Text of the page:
Configuration of primary and secondary resource control parameters is important for security and stability of the whole system. Auxiliary parameters differ much from the primary and secondary parameters in this respect.
The main functions of auxiliary parameters are the following:
Without these auxiliary parameters, possible bugs in applications (such as forgetting to unlock locked files or forgetting to collect signals) will cause slowdown and, after some time, termination of the applications because of memory exhaustion. In presence of these parameters, applications will notice the problem (because, for example, attempts to create new file locks start to fail), show an appropriate message helping to understand the problem and either continue operations or exit gracefully.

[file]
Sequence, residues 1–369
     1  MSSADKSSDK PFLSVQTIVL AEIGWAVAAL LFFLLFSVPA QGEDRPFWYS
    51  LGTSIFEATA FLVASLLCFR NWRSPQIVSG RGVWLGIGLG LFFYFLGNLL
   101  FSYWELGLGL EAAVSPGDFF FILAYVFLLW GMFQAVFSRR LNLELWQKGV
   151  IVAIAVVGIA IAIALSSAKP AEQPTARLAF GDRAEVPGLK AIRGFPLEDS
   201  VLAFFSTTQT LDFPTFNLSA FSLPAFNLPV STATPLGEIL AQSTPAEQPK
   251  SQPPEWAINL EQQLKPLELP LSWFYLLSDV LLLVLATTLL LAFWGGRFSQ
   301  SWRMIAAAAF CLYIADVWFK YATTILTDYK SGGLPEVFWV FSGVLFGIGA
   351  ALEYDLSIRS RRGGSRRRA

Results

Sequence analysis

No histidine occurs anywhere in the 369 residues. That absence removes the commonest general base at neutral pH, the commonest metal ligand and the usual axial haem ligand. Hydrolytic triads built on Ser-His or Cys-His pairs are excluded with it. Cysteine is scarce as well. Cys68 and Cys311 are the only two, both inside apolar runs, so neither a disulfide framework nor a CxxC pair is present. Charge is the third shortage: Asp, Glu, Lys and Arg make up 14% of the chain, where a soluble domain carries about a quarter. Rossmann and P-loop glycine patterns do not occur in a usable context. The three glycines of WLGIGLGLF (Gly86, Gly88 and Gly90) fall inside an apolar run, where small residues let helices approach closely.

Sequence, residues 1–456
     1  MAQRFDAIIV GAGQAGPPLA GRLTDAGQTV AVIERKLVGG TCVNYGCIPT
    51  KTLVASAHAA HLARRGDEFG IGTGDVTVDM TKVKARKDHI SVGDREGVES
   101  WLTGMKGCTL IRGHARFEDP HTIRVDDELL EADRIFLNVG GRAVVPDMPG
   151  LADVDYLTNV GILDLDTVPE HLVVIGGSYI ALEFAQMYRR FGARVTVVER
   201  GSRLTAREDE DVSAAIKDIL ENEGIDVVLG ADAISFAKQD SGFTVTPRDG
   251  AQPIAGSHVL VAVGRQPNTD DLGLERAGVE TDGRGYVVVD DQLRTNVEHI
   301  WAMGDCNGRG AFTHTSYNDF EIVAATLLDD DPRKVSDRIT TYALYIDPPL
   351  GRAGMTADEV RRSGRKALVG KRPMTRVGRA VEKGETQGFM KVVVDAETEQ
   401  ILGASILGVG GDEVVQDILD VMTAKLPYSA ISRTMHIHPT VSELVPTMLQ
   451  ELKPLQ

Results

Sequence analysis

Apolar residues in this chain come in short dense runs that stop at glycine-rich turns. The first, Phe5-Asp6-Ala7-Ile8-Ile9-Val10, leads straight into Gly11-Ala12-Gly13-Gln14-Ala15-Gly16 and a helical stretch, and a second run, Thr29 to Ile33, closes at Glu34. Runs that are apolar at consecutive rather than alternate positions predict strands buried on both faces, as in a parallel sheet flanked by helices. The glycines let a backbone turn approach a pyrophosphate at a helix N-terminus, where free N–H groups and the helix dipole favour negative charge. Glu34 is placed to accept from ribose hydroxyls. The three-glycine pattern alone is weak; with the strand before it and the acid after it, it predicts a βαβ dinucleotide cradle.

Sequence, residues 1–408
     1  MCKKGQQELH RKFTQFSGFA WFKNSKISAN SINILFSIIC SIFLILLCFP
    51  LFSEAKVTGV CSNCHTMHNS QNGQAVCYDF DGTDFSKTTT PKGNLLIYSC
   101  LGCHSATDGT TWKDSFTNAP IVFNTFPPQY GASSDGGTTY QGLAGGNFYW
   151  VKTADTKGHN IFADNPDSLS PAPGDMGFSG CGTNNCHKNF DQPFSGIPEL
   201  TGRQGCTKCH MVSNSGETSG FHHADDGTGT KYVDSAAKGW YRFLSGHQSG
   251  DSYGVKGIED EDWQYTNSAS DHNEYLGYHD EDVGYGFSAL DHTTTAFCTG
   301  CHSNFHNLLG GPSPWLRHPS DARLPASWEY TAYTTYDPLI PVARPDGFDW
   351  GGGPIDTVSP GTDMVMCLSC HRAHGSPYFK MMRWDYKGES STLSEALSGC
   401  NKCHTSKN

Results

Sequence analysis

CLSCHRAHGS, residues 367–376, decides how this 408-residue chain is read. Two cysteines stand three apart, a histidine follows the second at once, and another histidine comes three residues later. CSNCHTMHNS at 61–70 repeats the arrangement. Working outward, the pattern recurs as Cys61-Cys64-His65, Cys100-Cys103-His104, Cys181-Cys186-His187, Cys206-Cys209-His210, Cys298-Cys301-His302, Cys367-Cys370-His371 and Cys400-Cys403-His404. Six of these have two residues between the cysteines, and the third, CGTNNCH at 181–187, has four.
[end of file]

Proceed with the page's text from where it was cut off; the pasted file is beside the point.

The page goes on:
shmpagesparameter, or limiting the number of simultaneous shell sessions through the
So, auxiliary parameters play a role similar to the limitations configurable through the
setrlimit(2) interface and
sysctl(8) in standard Linux installations (please see the Other Existing Resource Control Mechanisms subsection).
Because of this helper role in resource control, system management software may show auxiliary parameters in advanced mode for experienced administrators only and hide them in "basic" management modes.
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